Friday, January 22, 2010

Dystopian Digest Issue #1

Welcome to the very first issue of Dystopian Digest. Dystopian Digest is a weekly feature showcasing some of the latest dystopian links in the blogosphere. My inspiration for DD came from The Story Siren's YA Connection feature.

Dystopian book reviews:

Mr. Maurer of Coffee for the Brain posted a review of The Maze Runner by James Dashner: "If you are looking for a book to quench your thirst of a novel like Hunger Games, then this is a must read. Actually, this is a must read if you just plain enjoy reading books that have the dystopian feel."

A review of The Year of the Flood by Margaret Atwood at The Last Word Blog: "Atwood’s writing is confident and taut, something I rarely expect from a female writer. There is so much going on in terms of plot, pace and subtext, that you find yourself marvelling at this woman’s talent. "

Kate at The Neverending Shelf recommends Skin Hunger by Kathleen Duey to all of her readers: "This book is always on the top of my recommendation list. It is an amazingly vivid novel that sucks readers into its pages. To be honest, this is book remains the grittiest novel that I have ever read. "

Bermuda Onion reviewed one of my favorite dystopian novels this week, Battle Royale by Koushun Takami: "While the overall plot of this book was good, I struggled to finish it. At over 600 pages, I felt that it was too long, and at times, there was too much detail. Several pages would be devoted to a student’s background just to lead up to their death. "

Beth of Beth Fish Reads reviewed Genesis by Bernard Beckett: "Unfortunately, I have no way of discussing this book without ruining the entire experience. Just take my word for it, this is a book worth reading and worth owning, so you can reread it—maybe even moments after you finish the first time."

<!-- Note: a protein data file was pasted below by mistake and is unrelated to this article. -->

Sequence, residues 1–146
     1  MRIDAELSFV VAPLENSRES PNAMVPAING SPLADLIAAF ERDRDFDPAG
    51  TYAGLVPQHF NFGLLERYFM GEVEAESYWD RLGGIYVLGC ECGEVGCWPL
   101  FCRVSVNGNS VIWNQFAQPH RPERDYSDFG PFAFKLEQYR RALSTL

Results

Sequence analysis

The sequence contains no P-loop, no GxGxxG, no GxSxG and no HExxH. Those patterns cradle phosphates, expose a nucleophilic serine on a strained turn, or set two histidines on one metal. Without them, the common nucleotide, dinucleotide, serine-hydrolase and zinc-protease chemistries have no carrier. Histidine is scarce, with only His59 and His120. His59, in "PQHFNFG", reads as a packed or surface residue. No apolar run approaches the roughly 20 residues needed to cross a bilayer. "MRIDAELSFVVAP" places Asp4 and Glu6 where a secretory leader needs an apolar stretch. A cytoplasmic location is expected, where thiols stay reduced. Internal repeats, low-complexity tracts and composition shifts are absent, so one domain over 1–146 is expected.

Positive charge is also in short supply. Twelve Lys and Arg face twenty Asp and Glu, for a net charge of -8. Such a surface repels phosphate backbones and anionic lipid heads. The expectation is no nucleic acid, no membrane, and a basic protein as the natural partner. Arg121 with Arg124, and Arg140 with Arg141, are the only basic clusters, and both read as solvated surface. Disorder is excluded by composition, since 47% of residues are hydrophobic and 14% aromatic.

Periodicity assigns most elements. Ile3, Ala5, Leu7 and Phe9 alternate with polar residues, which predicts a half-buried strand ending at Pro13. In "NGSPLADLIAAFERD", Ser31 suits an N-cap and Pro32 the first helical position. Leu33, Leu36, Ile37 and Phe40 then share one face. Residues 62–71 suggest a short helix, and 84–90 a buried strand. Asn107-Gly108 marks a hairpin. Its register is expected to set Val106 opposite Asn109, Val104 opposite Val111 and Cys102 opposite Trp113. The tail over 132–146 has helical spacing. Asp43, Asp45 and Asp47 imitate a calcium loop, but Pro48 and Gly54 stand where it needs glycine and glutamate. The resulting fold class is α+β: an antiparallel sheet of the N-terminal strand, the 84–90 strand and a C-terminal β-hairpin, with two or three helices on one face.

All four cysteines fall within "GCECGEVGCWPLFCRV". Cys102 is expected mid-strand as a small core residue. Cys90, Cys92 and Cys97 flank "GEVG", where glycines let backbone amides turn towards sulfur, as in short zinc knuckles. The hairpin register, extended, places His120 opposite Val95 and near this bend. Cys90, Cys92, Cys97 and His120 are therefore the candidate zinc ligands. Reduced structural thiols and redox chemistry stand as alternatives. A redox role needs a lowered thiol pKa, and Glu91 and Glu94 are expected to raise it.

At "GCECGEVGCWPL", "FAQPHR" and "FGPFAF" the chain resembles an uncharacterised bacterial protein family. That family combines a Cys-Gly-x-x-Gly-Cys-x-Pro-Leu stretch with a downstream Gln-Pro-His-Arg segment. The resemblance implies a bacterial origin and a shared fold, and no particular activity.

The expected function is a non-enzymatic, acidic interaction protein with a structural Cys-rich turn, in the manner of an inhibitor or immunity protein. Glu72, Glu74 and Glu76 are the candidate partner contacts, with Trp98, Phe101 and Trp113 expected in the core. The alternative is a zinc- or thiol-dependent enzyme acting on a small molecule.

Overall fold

Dystopian movie and Televesion reviews:

Brad Brevet of Rope of Silicon reviewed the new movie Daybreakers: "There's some fun to be had and it feels unique, but Daybreakers lacks an overall "wow" factor making it hard to suggest it as a necessary theatrical viewing."

Greg Victor of reviewed the new movie The Book of Eli: "No matter how much I wanted to like this movie (and I did want to like this movie), I have to report that I had absolutely no idea how I felt about it as I walked out of the theater. Was it a great action flick/morality tale or just a ridiculously hyper-violent missed opportunity? Alas, if that question has to be asked, then we know the answer. "

Other articles and posts:

The Top 9 Signs You Are Reading a Bad Dystopian Novel at littlefivers:
"9>This author’s idea of a bleak, grim, and hopelessly angst-making future seems to revolve around not having a Starbucks on the corner." Click here to read the rest of the list.

One of our very own contributors, Gail when to the ALA this past week. Check out the recap on her blog to see what cool dystopian titles she got: "On the day of the ALA I decided to drive into Boston and thanks to my handy dandy GPS I made it to the convention center no problem, parked in their ample parking lot and before I knew it I was all registered and getting my first site of the floor."

Lusty Reader asks: Are apocalypse and dystopian stories now less appealing: "The pictures and news of the earthquake in Haiti is a true post-apocalyptic world. As I scrolled through these images were burned in my brain and merged with all the imaginary images from the books I had been reading. The ash that the characters in The Road had to breathe through and that covered the land is too eerily similar to the concrete dust that coats the faces and streets of Port-au-Prince."